Science 3 min read

New Study: Spider Silk Could Be Used As Robotic Muscle

if scalable, this could be a major breakthrough in the development of artificial muscle fibers. ¦ Pexels

if scalable, this could be a major breakthrough in the development of artificial muscle fibers. ¦ Pexels

Spider silk is known as one of the strongest known materials in relation to its weight. Now, researchers have discovered an unusual property of the material — it can create robot muscles.

As reported in the Journal of Science Advances, the resilient fiber responds strongly to changes in humidity. When the atmospheric moisture increases above a specific level, they suddenly contract and twist.

Now here is the exciting part; the force exerted during this process is enough to compete with other materials in the sector. In other words, you can use the fiber to move and control a mechanism or system.

A team of researchers, including MIT Professor Markus Buehler, Anna Tarakanova and undergraduate student Claire Hsu at MIT, published their findings on the spider silk’s unique property, which they call super contraction.

Here is how it works.

How Supercontraction in Spider Silk Works

As said earlier, the spider silk suddenly shrinks in response to changes in humidity. Aside from contracting, the threads also twist to provide a strong torsional force at the same time. One of the researchers described it as a new phenomenon discovered by accident.

Initially, the researchers wanted to study the influence of humidity on dragline silk. So, they suspended a weight from the silk to create a kind of pendulum and enclosed the setup in a chamber to control the relative humidity. That was when they noticed the unusual property of the spider silk.

“When we increased the humidity, the pendulum started to rotate. It was out of our expectation. It really shocked me,” said one of the researchers.

Then the researcher got curious and tested several other materials, including human hair. But, none possessed the twisting motions found in the spider fabric. At that moment, they realized the implication of the phenomenon and how it might be used for artificial muscles.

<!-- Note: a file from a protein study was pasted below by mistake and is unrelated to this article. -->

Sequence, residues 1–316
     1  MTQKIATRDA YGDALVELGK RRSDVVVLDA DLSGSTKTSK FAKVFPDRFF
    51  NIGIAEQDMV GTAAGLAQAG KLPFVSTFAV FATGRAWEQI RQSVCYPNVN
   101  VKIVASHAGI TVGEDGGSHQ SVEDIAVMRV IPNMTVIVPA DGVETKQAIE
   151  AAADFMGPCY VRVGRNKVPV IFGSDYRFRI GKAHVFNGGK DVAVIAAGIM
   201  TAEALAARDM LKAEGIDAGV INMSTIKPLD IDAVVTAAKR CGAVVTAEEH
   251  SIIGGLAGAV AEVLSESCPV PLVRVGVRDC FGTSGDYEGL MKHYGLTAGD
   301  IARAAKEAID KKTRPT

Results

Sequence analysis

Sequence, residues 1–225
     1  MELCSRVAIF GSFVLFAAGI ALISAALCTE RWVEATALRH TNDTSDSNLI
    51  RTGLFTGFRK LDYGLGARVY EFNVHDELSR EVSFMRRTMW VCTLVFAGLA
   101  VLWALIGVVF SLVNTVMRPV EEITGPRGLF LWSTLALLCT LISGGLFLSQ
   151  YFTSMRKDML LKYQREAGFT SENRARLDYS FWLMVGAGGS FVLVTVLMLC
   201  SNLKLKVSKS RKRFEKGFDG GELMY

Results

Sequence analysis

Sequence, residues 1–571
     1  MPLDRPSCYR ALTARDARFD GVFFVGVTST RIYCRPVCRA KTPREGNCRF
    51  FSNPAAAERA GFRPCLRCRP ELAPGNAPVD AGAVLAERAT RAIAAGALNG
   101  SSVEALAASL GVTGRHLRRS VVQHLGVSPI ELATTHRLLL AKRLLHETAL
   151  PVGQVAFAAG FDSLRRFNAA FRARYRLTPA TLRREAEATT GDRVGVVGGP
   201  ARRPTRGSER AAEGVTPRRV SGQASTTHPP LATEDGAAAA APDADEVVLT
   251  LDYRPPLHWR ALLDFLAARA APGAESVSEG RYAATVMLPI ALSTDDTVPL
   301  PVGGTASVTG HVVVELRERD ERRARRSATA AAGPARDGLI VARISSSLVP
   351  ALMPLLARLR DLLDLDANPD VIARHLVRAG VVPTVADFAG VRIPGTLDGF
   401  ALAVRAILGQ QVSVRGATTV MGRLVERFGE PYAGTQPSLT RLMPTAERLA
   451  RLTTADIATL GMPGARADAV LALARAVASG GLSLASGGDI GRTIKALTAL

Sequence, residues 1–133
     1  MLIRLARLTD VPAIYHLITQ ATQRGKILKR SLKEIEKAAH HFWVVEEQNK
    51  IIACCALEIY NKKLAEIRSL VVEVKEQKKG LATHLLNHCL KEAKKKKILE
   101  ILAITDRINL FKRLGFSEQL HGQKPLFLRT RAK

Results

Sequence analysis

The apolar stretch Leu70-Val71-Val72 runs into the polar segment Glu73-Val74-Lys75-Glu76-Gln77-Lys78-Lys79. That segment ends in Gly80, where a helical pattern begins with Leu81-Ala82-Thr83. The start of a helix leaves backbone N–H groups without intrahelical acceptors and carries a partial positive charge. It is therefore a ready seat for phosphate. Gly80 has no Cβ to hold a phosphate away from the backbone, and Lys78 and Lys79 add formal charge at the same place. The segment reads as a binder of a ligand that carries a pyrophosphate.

As it turns out, the twisting motion is based on the folding of Proline – a specific kind of protein building block.

To understand the underlying mechanism, Tarakanova and Hsu had to perform detailed molecular modeling. “And we actually found a potential mechanism based on the Proline,” Hsu said.

The dragline silk contains two proteins, the MaSP1 and MsSP2. When exposed to a 70 percent humidity threshold, these proteins asymmetrically disrupt into hydrogen bonds. As a result, it causes a one-directional rotation.

Aside from creating artificial muscles, the findings could help build a precise sensor for humidity.

Read More: How Gene-Edited Bees Could Save the Species

First AI Web Content Optimization Platform Just for Writers

Found this article interesting?

Let Sumbo Bello know how much you appreciate this article by clicking the heart icon and by sharing this article on social media.

Profile Image

Sumbo Bello

Sumbo Bello is a creative writer who enjoys creating data-driven content for news sites. In his spare time, he plays basketball and listens to Coldplay.

Comments (4)
Most Recent most recent
  1. Profile Image
    Derrick Vanwyk March 25 at 2:09 am GMT

    I had a great time reading it!

  2. Profile Image
    Shannon Harrington March 25 at 7:05 am GMT

    Great! On the contrary, do we need a giant spider to mass produce spider silk reach in proline?

    • Profile Image
      Derrick Vanwyk March 26 at 9:56 am GMT

      This fiber will be in demand for the robotics industry and the culture of spider silk will become a phenomenon. When the demand is great and cannot be sustained therefore a Gigantic spider is not a bad idea at all. 🤔

      • Profile Image
        Shannon Harrington April 03 at 10:05 am GMT

        I understand what you’re saying, but if I agreed with you, then we’d both be wrong.

share Scroll to top

Link Copied Successfully

Sign in

Sign in to access your personalized homepage, follow authors and topics you love, and clap for stories that matter to you.

Sign in with Google Sign in with Facebook

By using our site you agree to our privacy policy.